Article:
The Evangelist John tells the story of a magical pool in Jerusalem where people who struggled with
afflictions would go in hopes of finding a cure for their ails. These were people who were sick, blind, lame and even paralyzed. They came to this pool with the desire to be healed. One day as Jesus is passing by, he notices an invalid – a man who had been ill for over 38 years. He was just lying there waiting for a miracle.
Jesus approaches the man and asks him, “Do you wish to get well?” Now think about this scene for a moment. Jesus – known for healing and miraculously making people well – approaches a man who is obviously in need of healing. Not only is he immobile, but his illness is chronic. He’s been in this condition for 38 years. If there’s ever a “No-duh” moment, this is it! Of course, he wanted to be healed. It is so obvious and yet Jesus, before healing him to complete health, stops and asks him, “Do you wish to be well?”
Awareness is the first step on the road to recovery. From this story, note that it is not a question of the man being aware of his disease, rather it’s his awareness of wanting to be healed that is called into question.
When we first encounter pain and later are overcome by it – whether that pain is physical or emotional – we will do anything and everything to rid ourselves of the hurt. The pain relievers we take come in a wide variety of forms and doses. From simple aspirin to hard narcotics, to outlets of violence, sex, manipulation and power, we find ways of escaping the pain, only to find that we’ve treated the merely symptoms and not the cause of our illness. Tragically, the pain relievers can easily become a way of life and we find ourselves in comfort-zones. That is, we know things aren’t right, but we’re comfortable. It’s easy to stay in these spots – indulging in our habits and avoiding the true causes of our disease.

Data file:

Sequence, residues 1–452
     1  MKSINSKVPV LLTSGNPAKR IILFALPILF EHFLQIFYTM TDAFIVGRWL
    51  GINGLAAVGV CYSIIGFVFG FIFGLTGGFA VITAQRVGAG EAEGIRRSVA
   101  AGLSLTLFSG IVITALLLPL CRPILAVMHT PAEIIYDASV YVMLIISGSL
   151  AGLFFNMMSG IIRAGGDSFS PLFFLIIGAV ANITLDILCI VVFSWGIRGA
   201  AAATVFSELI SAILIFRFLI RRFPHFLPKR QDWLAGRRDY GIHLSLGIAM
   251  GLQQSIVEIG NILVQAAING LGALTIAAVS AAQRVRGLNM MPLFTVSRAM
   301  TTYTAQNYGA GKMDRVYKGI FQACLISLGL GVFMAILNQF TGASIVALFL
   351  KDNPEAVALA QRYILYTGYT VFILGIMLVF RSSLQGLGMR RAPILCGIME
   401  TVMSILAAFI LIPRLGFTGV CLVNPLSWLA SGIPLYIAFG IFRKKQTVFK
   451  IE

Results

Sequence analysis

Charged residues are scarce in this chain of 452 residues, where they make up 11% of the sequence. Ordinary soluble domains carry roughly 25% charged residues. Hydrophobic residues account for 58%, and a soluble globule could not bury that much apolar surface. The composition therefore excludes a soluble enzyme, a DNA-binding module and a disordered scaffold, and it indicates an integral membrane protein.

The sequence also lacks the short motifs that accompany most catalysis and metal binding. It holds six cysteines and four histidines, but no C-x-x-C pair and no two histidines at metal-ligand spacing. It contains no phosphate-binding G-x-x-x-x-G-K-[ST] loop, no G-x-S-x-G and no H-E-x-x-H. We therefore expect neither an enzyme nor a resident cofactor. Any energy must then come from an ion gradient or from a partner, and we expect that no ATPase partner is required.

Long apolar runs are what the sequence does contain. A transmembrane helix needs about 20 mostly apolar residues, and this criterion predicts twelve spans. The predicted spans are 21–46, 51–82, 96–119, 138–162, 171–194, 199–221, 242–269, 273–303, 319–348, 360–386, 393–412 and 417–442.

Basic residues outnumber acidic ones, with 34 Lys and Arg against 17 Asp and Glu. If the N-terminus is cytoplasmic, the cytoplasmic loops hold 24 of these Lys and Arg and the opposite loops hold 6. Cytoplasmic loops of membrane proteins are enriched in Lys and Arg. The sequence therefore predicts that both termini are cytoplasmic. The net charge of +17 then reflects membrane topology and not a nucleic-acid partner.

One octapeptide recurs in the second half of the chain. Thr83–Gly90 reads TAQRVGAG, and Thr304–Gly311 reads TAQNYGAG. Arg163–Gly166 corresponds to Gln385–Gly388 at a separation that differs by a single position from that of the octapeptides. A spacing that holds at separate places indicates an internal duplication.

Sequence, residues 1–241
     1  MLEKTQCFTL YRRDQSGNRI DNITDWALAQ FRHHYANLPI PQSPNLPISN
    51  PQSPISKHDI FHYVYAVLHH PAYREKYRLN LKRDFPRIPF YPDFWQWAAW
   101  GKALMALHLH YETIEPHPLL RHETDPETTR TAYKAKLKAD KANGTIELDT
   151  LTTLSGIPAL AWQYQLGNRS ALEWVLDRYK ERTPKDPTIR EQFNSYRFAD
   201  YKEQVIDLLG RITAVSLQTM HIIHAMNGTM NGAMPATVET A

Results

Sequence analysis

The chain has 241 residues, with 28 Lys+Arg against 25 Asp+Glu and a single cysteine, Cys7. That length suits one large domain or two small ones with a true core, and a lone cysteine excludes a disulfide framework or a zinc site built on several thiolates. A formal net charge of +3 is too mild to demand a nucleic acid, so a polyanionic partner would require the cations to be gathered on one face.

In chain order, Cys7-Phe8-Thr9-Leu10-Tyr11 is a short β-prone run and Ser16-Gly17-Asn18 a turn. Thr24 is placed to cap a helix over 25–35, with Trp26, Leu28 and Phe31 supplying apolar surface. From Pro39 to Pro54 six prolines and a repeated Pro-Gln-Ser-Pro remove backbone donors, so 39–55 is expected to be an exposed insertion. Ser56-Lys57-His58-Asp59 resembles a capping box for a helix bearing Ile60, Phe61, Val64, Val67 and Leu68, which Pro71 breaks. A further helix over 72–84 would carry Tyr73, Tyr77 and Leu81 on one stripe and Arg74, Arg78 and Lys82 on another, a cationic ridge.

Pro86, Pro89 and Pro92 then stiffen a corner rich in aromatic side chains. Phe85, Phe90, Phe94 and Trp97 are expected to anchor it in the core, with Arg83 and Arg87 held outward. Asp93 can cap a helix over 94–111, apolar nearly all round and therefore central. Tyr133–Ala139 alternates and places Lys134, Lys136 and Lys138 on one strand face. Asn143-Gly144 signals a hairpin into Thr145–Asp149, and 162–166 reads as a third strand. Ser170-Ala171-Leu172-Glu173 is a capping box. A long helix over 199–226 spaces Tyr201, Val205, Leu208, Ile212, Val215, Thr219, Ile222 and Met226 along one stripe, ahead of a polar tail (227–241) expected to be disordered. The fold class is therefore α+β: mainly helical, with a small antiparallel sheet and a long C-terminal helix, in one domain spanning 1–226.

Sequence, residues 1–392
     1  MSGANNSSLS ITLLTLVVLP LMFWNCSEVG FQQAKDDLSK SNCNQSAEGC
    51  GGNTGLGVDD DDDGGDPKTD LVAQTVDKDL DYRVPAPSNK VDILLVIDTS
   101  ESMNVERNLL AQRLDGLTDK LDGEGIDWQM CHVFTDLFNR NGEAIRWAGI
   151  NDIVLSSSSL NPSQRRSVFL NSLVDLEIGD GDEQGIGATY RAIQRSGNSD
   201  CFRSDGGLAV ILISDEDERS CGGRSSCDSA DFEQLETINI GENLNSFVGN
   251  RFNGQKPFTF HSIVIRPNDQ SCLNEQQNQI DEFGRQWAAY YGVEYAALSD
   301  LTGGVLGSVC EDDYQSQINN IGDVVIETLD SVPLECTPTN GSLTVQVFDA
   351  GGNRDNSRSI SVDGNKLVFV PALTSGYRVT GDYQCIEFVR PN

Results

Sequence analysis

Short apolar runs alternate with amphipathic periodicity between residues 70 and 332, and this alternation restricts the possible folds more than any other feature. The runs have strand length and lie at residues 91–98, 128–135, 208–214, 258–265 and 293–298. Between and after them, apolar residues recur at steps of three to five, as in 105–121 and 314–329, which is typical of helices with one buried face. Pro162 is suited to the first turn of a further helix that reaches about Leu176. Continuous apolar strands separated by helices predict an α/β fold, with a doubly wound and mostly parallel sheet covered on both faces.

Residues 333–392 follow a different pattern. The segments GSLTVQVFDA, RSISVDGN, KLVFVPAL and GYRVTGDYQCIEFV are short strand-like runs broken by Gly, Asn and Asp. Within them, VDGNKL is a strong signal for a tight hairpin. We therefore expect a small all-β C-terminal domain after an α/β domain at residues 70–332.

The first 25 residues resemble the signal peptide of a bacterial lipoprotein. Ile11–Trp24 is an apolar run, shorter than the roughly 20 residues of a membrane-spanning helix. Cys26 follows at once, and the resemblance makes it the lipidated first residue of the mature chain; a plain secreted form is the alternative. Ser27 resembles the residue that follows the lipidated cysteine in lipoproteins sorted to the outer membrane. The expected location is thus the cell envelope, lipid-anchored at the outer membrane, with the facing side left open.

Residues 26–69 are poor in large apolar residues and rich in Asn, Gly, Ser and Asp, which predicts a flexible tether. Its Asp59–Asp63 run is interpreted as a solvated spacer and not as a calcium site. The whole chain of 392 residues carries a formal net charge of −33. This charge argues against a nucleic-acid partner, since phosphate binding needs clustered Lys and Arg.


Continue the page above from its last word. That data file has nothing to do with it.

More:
Jesus did not ask the man, “Do you want a crutch?” Instead he asks the question we must ask ourselves. Do you want to be healed? Are you ready to become whole? The answer to this question gives us a unique awareness of not the symptoms but the cause of our problems.
On this second day of the Road to Healing, our prayer is for sincerity, that God open our heart so that we can answer the question “Do you want to be healed?” without fear. The road to recovery – whether from physical disease, broken relationships or issues of self-worth – is not an easy one. It’s a challenge. Answering YES to this question sets the course for the rest of the journey.
Yes, I want to be healed! These are the words of today’s meditation. Repeat these words in the silence of your heart. If you’re able, share the words with a loved one. The road to recovery and healing has begun.
I look forward to continuing on this journey with you tomorrow, when we will step even closer to an awareness of our challenges. Until then, this if Fr. Vazken, praying with you for the strength to say, Yes I want to be healed.
Reference – Gospel of St. John Chapter 5
Photo (c) 2014 Fr. Vazken Movsesian at Lake Sevan